You already know the lest you can receive in alimony is $0. (Makes sense, right?)
The real question is how much can you receive in alimony.
The answer is found in how Utah courts calculate alimony in divorce cases.
Divorce is a function of a couple things: need and ability to pay. To figure out need, there are a couple steps.
Step 1: monthly expenses
To figure out need, we look at the spouse who makes less money (Spouse 1) and see what that spouse’s “monthly need” is. Monthly need refers to the amount of money you need every month to make ends meet.
Now, you don’t need to cut your monthly budget to the rice and beans level when figuring out alimony. Instead, you can use the necessary monthly expenses you used during your marriage.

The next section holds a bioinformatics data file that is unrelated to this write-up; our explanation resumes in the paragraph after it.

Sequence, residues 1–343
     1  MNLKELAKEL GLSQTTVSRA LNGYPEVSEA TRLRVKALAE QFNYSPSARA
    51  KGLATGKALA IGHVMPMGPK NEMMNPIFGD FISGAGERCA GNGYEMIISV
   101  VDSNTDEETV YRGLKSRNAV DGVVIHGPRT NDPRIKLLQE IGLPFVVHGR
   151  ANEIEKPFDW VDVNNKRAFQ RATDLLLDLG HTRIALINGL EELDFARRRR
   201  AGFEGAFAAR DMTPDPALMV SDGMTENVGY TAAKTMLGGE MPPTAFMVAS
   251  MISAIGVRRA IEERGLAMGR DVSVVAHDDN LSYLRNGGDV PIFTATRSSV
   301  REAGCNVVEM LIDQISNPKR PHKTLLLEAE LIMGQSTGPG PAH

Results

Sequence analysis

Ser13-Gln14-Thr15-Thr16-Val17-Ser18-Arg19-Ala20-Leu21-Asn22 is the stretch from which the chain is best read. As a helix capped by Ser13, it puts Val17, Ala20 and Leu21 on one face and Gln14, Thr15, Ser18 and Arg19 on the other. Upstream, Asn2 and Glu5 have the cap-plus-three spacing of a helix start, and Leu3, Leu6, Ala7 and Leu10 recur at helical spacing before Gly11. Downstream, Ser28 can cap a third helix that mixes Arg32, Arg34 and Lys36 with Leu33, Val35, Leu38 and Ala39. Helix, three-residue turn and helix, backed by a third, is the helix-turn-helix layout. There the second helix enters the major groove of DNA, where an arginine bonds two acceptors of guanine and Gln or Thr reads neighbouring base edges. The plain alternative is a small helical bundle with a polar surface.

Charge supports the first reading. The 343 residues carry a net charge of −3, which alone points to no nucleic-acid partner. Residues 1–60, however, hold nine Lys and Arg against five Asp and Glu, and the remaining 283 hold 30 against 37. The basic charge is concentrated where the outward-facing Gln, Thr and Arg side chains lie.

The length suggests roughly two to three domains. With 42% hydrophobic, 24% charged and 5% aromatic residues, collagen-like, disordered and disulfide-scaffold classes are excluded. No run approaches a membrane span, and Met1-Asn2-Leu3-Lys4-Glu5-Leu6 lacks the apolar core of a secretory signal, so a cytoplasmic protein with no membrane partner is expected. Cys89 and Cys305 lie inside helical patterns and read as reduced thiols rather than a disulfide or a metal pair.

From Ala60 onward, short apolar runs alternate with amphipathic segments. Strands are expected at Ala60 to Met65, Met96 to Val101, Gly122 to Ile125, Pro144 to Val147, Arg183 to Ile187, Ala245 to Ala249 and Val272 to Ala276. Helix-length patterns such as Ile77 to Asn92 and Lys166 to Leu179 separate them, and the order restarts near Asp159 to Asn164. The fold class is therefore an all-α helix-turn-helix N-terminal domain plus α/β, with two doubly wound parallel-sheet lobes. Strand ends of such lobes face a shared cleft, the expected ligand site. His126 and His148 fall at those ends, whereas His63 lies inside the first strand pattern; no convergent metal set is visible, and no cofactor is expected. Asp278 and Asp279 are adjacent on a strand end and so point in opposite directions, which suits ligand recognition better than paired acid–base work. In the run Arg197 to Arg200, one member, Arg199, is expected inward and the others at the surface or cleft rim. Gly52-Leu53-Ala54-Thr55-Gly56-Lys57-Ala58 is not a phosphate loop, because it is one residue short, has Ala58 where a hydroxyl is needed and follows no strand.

In other words, you use your marital standard of living when determining how much you need in alimony.
Step 2: Income
Next, we look at how much money Spouse 1 makes per month from all sources (sources like work, child support, rental income).
Once you find that amount, you subtract Spouse 1’s monthly expenses. Violà, you have need.
Quick example. If Spouse 1 makes $5000 per month and has monthly expenses of $6000, then Spouse 1 has a need of $1000.
So, What Is the Most I Can Receive in Alimony?
The most you can receive in alimony is your need.
That means if you’re Spouse 1, the most alimony you could receive is $1000 per month.
So, even if one spouse makes a tremendous amount of money and can afford to pay way more in alimony, alimony is limited by the other spouse’s actual need.